Micropiles or minipiles are small, multi-tasking grouted piles with steel reinforcements that support high-capacity loads even in difficult or precarious areas. Helitech leverages micropiles in a variety of different projects for cost-effective and durable solutions.
Micropiles (also known as mini-piles or minipiles) are deep-foundation, small-diameter grouted piles typically consisting of a central steel reinforcement member and also come in cased and uncased versions. Their unique and nimble design allows micropiles to carry very high-capacity loads, often at 250 kips and higher depending on project needs.
Structure of a Micropile
Each part of a minipile works together to reinforce the strength of a foundation system. Micropiles come in both cased and uncased varieties, and include the following parts:
- Standard lead section: The lead section enters the ground first, making way for the micropile.
- Extension and lead displacement plates: Separated by the square or round staff extension, both plates types are applied once the micropile is in the soil. The plates are essential to creating room around the shaft to accommodate the entire structure.
- Steel casing or reinforcement rod: These features are a crucial strengthening element that make micropiles able to withstand high-capacity loads.
Applications for Micropiles
Micropiles can be used in a variety of foundation projects. They are particularly useful when projects are in areas with limited access or weak soil. Minipiles have become a preferred method of deep-foundation stabilization thanks to their reliability, versatility, and efficiency. Micropiles are excellent for:
- Stabilizing difficult terrain: Micropiles are typically used in limited-access areas, such as low overhead clearance, and can be accessed through a typical man door. Micropiles are a cost-effective solution in areas with Karst topography and sloping rock. Because of their versatility in terms of foundation type and small or difficult locations, micropiles are an excellent solution for a variety of structural needs.
- Supporting heavy loads: Loads are typically achieved through skin friction between the grout and surrounding soil or rock. In limited situations, loads can be achieved in end-bearing where the piles are terminated in incompetent rock formations.Unlike a drilled pier, micropiles derive a large percentage of their load from the steel reinforcement. This, along with bearing their load through skin friction, makes micropiles excellent for both tension and compression loads. Steel casing can also be added to address lateral loading requirements. Despite their size, micropiles are a trusted and durable solution for high-capacity needs.
- Maintaining restrictive budgets: With a typical drilled pier foundation, significant cost overruns can occur due to extra rock coring. This can happen as the drilled piers are extended along the face of sloping rock, or when voids are encountered in the rock formation. When these empty areas are discovered, additional rock coring, labor, and budget is required.Micropiles reduce this risk as they typically extend down into the rock formation so the load is transferred by way of skin friction and potential voids of the rock are identified early on. This eliminates risk of voids below the bottom of the drilled pier. Foundations that were once unpredictable or of mixed composition can be easily strengthened with the use of micropiles.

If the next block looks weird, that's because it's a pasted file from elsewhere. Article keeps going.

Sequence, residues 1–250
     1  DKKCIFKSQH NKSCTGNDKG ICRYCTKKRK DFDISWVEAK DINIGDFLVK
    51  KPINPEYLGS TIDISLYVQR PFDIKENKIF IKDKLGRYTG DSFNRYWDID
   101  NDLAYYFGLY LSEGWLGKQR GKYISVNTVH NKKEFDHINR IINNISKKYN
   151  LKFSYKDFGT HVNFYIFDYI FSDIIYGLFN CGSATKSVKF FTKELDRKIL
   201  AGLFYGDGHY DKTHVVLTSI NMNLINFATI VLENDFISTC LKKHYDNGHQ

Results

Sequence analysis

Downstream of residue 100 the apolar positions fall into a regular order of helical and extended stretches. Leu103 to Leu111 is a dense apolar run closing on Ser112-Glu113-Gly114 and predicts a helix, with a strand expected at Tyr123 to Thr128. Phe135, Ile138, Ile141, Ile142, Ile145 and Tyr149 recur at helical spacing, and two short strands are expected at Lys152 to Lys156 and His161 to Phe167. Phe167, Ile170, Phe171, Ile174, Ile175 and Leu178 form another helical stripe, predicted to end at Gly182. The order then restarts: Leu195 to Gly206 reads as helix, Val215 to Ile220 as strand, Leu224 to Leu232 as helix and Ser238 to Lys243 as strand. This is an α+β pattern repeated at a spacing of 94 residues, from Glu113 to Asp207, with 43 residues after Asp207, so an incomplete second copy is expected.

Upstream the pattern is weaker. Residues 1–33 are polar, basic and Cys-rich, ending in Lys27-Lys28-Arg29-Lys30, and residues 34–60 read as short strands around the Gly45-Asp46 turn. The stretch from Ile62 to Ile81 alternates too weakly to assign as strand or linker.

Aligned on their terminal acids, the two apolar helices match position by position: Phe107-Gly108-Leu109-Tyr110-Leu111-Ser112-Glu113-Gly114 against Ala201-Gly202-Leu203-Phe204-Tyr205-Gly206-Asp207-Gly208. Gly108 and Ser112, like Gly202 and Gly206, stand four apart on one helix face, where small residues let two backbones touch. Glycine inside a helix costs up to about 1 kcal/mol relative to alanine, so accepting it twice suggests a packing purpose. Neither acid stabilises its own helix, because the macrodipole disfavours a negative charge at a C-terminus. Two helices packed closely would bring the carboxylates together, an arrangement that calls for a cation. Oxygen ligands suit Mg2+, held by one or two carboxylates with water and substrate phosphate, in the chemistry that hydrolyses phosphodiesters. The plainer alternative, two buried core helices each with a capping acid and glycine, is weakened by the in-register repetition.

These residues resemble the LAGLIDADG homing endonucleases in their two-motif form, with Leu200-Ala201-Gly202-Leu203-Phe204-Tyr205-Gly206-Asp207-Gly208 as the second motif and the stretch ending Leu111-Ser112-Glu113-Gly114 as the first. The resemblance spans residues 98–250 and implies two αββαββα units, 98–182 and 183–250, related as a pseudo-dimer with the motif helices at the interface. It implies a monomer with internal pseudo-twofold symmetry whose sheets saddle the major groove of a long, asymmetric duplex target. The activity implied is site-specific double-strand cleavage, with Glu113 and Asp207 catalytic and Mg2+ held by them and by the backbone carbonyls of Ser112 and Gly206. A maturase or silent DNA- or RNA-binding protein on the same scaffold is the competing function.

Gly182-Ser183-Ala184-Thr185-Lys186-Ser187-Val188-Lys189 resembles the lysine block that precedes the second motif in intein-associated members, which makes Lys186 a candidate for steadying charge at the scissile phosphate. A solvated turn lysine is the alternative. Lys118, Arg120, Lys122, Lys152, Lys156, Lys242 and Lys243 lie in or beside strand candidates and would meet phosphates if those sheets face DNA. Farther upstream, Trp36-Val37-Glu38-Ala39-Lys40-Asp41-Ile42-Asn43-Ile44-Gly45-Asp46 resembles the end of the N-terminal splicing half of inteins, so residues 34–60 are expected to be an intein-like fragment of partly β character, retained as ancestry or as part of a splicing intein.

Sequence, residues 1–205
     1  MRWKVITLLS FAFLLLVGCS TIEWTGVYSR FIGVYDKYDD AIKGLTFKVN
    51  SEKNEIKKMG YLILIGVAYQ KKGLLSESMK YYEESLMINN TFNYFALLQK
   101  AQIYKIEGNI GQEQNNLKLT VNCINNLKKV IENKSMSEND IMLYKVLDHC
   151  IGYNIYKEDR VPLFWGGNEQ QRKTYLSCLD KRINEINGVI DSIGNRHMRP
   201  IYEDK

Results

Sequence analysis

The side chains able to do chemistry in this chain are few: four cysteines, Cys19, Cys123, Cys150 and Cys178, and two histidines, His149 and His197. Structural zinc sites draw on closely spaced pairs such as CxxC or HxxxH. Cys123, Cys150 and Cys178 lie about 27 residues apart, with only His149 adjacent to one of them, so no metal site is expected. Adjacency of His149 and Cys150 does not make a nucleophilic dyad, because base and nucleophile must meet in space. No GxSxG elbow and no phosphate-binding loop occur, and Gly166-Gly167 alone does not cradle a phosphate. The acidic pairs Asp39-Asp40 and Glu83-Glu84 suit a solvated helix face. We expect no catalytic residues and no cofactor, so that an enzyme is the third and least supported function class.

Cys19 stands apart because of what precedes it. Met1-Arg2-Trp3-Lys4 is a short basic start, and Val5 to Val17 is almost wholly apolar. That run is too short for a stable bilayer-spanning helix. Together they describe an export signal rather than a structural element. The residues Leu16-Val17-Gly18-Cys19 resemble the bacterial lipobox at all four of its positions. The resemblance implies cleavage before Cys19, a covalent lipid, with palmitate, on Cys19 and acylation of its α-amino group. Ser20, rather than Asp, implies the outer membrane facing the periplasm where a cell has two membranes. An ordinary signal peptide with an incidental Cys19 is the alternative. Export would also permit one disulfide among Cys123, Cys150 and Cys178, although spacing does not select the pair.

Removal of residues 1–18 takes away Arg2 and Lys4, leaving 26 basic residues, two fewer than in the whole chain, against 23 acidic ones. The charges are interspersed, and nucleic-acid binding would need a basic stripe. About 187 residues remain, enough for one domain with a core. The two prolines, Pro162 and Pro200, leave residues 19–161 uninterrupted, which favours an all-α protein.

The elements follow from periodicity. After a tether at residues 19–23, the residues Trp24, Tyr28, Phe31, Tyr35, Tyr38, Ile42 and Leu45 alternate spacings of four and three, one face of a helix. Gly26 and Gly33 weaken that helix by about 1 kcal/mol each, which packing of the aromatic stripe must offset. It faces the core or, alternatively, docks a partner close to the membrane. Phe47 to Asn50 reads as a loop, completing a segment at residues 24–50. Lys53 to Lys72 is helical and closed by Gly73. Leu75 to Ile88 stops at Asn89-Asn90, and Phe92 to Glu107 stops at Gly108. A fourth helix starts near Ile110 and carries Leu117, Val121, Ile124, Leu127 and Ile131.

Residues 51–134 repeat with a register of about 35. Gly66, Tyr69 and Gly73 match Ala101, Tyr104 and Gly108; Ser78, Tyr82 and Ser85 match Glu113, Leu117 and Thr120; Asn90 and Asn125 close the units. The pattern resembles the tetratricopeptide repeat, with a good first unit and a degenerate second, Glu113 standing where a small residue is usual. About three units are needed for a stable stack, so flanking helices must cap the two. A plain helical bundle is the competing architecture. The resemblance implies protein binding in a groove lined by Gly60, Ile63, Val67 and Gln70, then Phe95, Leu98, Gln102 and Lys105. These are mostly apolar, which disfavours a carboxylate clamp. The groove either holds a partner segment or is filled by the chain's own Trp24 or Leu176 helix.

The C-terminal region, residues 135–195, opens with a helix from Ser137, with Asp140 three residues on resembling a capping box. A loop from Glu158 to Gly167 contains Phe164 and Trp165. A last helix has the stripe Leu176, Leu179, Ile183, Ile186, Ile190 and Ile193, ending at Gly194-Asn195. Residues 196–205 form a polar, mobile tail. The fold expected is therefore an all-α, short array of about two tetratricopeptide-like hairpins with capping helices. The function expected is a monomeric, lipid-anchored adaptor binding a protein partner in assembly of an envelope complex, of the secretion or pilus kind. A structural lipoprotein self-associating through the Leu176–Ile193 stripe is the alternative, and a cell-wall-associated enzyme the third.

Uses for Micropiles
- Deep foundation projects: Micropiles are a convenient option for establishing a deep foundation because they do not require pre-drilling. Establishing a stable, reliable deep foundation is necessary on job sites of high-capacity loads, onsite barriers, or poor soil.
- Foundation rehabilitation and repairs: When existing foundations are compromised, the use of minipiles helps to fortify the foundation’s stability. The structural load is transferred to the micropiles to create a more suitable and stable soil later. Micropiles are a cost-efficient option in comparison to foundation replacement.
- Foundation stabilization of adjacent structures: Minipiles can be used in projects with nearby structures, or for structures sharing adjacent walls that may interfere with the stability of your project.
Job Types, Micropile Installation and Special Considerations
Micropiles can be used in a variety of projects, including fortification or creation of foundations for structures like bridges, towers, and new buildings. The versatility of micropiles has led to their increased popularity, especially in difficult construction projects. In areas of low clearance, restricted access, or weak soil or foundation types, micropiles are an ideal and reliable solution.
Compared to other foundational projects, micropiles are both customizable and cost-efficient while eliminating the need for additional steps for micropile installations. Because minipiles can be installed without pre-drilling, project completion time and budget are not compromised. In addition to their structural perks, micropiles also offer:
- Control of corrosion and general wear and tear caused by soil
- Consistent, reliable results across project and foundation types
- Quick installation with minimal steps
- The elimination of pre-drilling as a required preparation process, cutting down on work time, staff hours, and costs
- Budget-friendly support without compromising quality
- Lasting strength thanks to a steel core combined with skin friction